In addition to policies and controls, firms are also advised that timely disclosure in SEC filings is a critical element of an overall approach to cyber events.
According to the SEC, Ying, who was next in line to be the company's global CIO, allegedly used confidential information entrusted to him by Equifax to work out that it had suffered a serious breach in advance of the company’s September 2017 announcement that hackers had accessed the social security numbers and other personal information of about 148m US customers.
Investigators said Equifax had set up an internal team to deal with the breach, limiting the number of people who knew of the situation, of which the defendant was not a part.
Through a series of communications with various colleagues, and information from other sources regarding canceled travel plans and “mad scrambling” internally, Ying allegedly concluded that Equifax must have been the victim of a data breach to which other personnel had been assigned.
In particular, following a conversation with the then-current global CIO, the defendant allegedly sent a text message to his direct report at the company, stating that he was “[o]n the phone with [global CIO]. Sounds bad. We may be the one breached.… Starting to put 2 and 2 together.”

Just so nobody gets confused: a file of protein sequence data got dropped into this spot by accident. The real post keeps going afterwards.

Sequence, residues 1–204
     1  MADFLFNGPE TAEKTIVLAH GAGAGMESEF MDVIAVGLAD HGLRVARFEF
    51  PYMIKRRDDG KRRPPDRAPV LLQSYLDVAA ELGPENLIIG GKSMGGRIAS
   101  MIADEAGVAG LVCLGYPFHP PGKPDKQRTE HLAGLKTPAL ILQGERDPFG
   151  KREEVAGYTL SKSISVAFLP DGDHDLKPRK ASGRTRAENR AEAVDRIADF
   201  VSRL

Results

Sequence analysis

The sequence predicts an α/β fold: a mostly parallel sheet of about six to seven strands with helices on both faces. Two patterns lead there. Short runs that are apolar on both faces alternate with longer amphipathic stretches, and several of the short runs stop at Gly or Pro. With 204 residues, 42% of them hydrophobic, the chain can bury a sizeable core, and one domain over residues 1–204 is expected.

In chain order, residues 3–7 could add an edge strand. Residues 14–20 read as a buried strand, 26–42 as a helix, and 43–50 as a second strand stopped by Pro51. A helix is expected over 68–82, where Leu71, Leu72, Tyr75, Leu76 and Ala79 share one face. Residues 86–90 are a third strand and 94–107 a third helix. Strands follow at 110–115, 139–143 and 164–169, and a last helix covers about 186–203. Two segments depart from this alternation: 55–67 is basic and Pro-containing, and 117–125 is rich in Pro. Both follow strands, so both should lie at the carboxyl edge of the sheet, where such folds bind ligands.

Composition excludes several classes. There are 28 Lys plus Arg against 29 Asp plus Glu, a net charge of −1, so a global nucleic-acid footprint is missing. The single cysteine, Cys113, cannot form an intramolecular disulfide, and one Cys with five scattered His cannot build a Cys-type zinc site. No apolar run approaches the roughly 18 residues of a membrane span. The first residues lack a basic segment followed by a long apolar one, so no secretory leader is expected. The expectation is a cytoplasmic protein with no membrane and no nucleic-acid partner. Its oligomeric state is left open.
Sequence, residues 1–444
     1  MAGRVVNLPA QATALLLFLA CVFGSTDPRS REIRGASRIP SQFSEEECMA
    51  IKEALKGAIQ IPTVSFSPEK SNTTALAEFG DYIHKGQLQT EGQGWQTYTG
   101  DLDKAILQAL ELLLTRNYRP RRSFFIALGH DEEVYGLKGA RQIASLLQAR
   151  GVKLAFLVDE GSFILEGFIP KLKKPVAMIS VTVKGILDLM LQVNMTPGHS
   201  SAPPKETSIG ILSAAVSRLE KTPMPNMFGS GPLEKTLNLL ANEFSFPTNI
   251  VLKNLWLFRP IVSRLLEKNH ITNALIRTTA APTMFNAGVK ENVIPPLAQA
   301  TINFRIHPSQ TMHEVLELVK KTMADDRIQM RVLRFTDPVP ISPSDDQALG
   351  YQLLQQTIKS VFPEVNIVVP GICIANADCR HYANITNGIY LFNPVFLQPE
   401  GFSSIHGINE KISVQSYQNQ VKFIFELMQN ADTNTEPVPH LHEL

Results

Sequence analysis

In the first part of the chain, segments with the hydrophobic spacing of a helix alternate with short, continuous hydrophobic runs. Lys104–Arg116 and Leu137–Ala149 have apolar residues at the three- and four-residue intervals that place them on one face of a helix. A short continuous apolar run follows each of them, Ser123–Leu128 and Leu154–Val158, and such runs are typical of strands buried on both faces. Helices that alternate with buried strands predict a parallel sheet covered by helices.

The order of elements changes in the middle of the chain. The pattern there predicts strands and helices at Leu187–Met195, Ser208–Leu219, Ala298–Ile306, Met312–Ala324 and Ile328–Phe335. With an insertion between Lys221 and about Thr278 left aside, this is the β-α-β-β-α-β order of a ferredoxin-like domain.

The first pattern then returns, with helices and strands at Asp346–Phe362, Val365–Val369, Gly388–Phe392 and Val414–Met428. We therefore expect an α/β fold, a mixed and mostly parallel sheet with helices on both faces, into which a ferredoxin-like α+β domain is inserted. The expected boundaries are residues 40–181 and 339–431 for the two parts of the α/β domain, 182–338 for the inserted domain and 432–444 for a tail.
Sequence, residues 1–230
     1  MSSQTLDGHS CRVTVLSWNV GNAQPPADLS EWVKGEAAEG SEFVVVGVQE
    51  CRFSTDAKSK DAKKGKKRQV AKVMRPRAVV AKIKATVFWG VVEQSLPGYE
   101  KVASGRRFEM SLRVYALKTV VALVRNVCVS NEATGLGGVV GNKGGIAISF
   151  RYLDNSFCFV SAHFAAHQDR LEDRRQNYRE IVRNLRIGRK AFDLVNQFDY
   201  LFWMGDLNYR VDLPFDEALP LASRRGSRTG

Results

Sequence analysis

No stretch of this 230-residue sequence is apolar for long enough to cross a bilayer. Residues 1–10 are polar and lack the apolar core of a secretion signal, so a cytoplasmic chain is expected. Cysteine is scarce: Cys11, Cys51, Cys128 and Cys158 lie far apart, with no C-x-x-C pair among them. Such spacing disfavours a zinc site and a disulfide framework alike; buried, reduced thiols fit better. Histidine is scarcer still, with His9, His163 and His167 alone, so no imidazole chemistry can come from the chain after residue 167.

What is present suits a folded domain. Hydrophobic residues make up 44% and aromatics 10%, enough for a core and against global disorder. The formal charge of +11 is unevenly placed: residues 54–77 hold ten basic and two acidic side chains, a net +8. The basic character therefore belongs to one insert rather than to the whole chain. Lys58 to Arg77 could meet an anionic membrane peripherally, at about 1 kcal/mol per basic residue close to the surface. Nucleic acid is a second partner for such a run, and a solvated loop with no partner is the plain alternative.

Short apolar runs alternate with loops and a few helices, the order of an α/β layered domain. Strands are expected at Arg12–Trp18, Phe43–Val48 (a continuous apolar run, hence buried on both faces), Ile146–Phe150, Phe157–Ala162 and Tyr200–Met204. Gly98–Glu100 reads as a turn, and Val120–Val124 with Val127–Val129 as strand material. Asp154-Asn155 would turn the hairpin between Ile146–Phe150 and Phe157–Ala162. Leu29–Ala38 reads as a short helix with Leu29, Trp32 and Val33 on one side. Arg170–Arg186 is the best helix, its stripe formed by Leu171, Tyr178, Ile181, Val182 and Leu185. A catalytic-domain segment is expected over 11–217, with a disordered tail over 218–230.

The morning after that conversation, Ying allegedly used a search engine to find information concerning the September 2015 cybersecurity breach of Experian, another one of the three major credit bureaus, and the impact that that breach then had on Experian’s stock price. The search terms used by Ying were: (1) “Experian breach”; (2) “Experian stock price 9/15/2015”; and (3) “Experian breach 2015.”
Shortly after this, the complaint alleges, the defendant proceeded to exercise all of his vested options to purchase Equifax shares before selling them on the open market prior to any public disclosure of the data breach, raking in nearly $1m and also avoiding a potential loss of approximately $117,000.
Given how advanced monitoring techniques are at both the SEC and other regulators such as the overseer of the securities industry, the Financial Industry Regulatory Authority, any anomaly where huge blocks of stock are sold during certain sensitive periods will immediately attract attention.
The market supervisors are looking for trading activity that occurs before, during and after a large company announcement, using increasingly sophisticated technology.
Trading volume jumped significantly around Equifax during the turbulence, recording a thirty-fold leap from the previous day’s volume of approximately 518,000 shares.
Ying was called back to the office on August 29, the day after he exercised his options, while traveling on business, and informed of the breach. He was also told that the breach information was confidential, it should not be shared with anyone, and that Ying should not trade in Equifax securities. Ying did not volunteer the fact that he had exercised and sold all of his vested Equifax options two days before.